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Where should I go for Christmas (Hardest terrain)

post #1 of 11
Thread Starter 

I am looking to ski the hardest "marked" terrain in NA and I and was wondering where I should travel to for next christmas. I am currently thinking of Alyeska, Jackson Hole, Kirkwood, Squaw Valley, Mammoth and Crested Butte. I want to ski the hardest terrain there. To put my ability in perspective I have skied Whitewall and all of CPR Ridge at Kicking Horse along with most of the terrain in the back bowls at Lake Louise in the Banff area. Sadly, while I was at Sunshine Village Delirium Dive was closed :(. Does anyone have any input on where the best terrain for me is? I only care about the terrain of the mountain and nothing else. Anywhere in North America and not Europe.

 

This was a little edit I made while I was there any feedback is appreciated for that too :)

https://www.youtube.com/watch?v=76bONTyFMHs&t=149s

(Skip to 12:31 if you are impatient)

 

Side note: Is Whitewall the hardest at Kicking Horse?

post #2 of 11

It is an almost certainty that Crested Butte will not have their hardest terrain open that early in the season.  If you are limited to Christmas, Jackson Hole and Snowbird are the two best bets for skiing expert terrain that early on, but even those aren't for sure.

post #3 of 11

You would have been able to ski most of Whistler this Christmas

 

I was just there (the week after new years), and had a great time. A couple of the entrances for the steeper shots off the the Peak Chair weren't so inviting, but still plenty of choices for your steep terrain fix.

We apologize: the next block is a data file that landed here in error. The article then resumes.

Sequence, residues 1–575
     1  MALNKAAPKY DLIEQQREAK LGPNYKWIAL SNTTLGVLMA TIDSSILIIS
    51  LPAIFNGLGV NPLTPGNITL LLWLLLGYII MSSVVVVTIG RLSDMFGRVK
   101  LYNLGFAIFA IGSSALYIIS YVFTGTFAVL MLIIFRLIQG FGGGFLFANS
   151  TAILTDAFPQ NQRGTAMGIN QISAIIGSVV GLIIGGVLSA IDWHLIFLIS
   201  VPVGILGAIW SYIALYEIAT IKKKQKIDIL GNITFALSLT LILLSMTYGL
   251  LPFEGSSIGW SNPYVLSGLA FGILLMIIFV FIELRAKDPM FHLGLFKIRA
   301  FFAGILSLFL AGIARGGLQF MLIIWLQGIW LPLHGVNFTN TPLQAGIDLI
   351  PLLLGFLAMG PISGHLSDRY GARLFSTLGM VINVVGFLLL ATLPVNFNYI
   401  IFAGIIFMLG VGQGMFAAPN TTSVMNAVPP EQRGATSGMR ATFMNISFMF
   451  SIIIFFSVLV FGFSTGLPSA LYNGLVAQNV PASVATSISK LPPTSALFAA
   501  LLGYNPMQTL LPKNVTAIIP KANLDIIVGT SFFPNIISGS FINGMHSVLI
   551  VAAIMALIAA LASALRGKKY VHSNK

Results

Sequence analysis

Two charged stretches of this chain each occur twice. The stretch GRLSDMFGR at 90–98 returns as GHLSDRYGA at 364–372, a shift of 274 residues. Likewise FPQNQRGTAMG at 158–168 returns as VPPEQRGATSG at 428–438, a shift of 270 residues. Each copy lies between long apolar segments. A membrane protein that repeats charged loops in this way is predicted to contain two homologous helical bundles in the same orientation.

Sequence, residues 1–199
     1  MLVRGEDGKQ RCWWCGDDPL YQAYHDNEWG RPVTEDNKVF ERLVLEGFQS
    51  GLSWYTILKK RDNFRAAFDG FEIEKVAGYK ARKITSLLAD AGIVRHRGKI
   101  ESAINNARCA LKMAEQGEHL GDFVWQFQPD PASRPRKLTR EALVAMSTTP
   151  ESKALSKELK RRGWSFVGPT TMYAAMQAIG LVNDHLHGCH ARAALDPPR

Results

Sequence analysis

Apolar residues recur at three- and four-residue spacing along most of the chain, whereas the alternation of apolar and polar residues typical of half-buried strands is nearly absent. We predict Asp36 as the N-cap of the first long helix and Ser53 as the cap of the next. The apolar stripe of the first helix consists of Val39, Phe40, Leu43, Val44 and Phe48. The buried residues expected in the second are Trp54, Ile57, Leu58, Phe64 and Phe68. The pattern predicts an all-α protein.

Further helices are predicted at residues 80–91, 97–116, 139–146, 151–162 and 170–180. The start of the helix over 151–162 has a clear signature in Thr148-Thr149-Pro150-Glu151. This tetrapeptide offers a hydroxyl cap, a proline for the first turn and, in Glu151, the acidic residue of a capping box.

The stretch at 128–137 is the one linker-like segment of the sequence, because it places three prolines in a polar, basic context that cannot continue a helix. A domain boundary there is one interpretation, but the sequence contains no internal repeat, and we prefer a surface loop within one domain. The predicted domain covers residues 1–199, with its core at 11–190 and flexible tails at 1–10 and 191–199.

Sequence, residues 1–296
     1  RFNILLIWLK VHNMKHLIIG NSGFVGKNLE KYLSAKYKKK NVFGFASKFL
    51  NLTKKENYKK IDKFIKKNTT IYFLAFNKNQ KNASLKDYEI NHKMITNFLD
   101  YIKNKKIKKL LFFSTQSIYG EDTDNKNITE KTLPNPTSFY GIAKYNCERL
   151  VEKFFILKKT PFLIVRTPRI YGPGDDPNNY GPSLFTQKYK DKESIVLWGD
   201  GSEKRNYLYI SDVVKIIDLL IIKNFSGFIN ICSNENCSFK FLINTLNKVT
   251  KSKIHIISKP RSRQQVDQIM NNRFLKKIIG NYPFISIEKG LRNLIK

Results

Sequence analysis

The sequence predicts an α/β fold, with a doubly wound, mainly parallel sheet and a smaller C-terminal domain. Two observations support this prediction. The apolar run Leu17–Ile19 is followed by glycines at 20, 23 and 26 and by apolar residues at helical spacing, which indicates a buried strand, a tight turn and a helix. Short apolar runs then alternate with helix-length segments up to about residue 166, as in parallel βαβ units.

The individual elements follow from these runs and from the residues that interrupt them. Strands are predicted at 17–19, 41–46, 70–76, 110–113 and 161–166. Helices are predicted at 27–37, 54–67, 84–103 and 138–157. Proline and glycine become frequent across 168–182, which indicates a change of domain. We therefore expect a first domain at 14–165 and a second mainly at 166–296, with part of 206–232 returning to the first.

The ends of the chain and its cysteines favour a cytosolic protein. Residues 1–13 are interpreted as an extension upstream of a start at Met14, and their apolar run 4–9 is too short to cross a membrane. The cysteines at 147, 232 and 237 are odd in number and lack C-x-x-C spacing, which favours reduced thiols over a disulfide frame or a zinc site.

Whistler will be busy though....and pricey.

 

Stay and squamish and save big. Get there early. Don't break for lunch, or break really early. 

post #4 of 11
Quote:
Originally Posted by Lofcaudio View Post

It is an almost certainty that Crested Butte will not have their hardest terrain open that early in the season.  If you are limited to Christmas, Jackson Hole and Snowbird are the two best bets for skiing expert terrain that early on, but even those aren't for sure.


I agree on the suggestion for snowbird. I've skied at squaw, kirkwood and mammoth unless there is a miraculous dump usually most of the mountain is not open by xmas. And i would add i consider snowbird steeper then those other mountains.
post #5 of 11
Crystal Mountain, WA. The Cascades typically have most, if not all of the terrain open by Christmas.
post #6 of 11

The answer to this question isn't going to be possible to know until mid-December 2017 since the hardest terrain requires the most snow to open.  Christmas is quite early in the season yet so many places won't have enough snow to be 100% open.  If it was a spring break trip it would be easy to say, "Yeah go to any of those places. Have fun. Stay safe." but since Christmas-time is condition-dependent no one knows the answer.

post #7 of 11

Doubt there is one area with the most difficult terrain. Conditions will play a major role in what you ask; quantity and quality of the snow especially that early in the season define the terrain. Skiing something steep aggressively and dynamically requires a better skier than getting down something that is a no fall zone.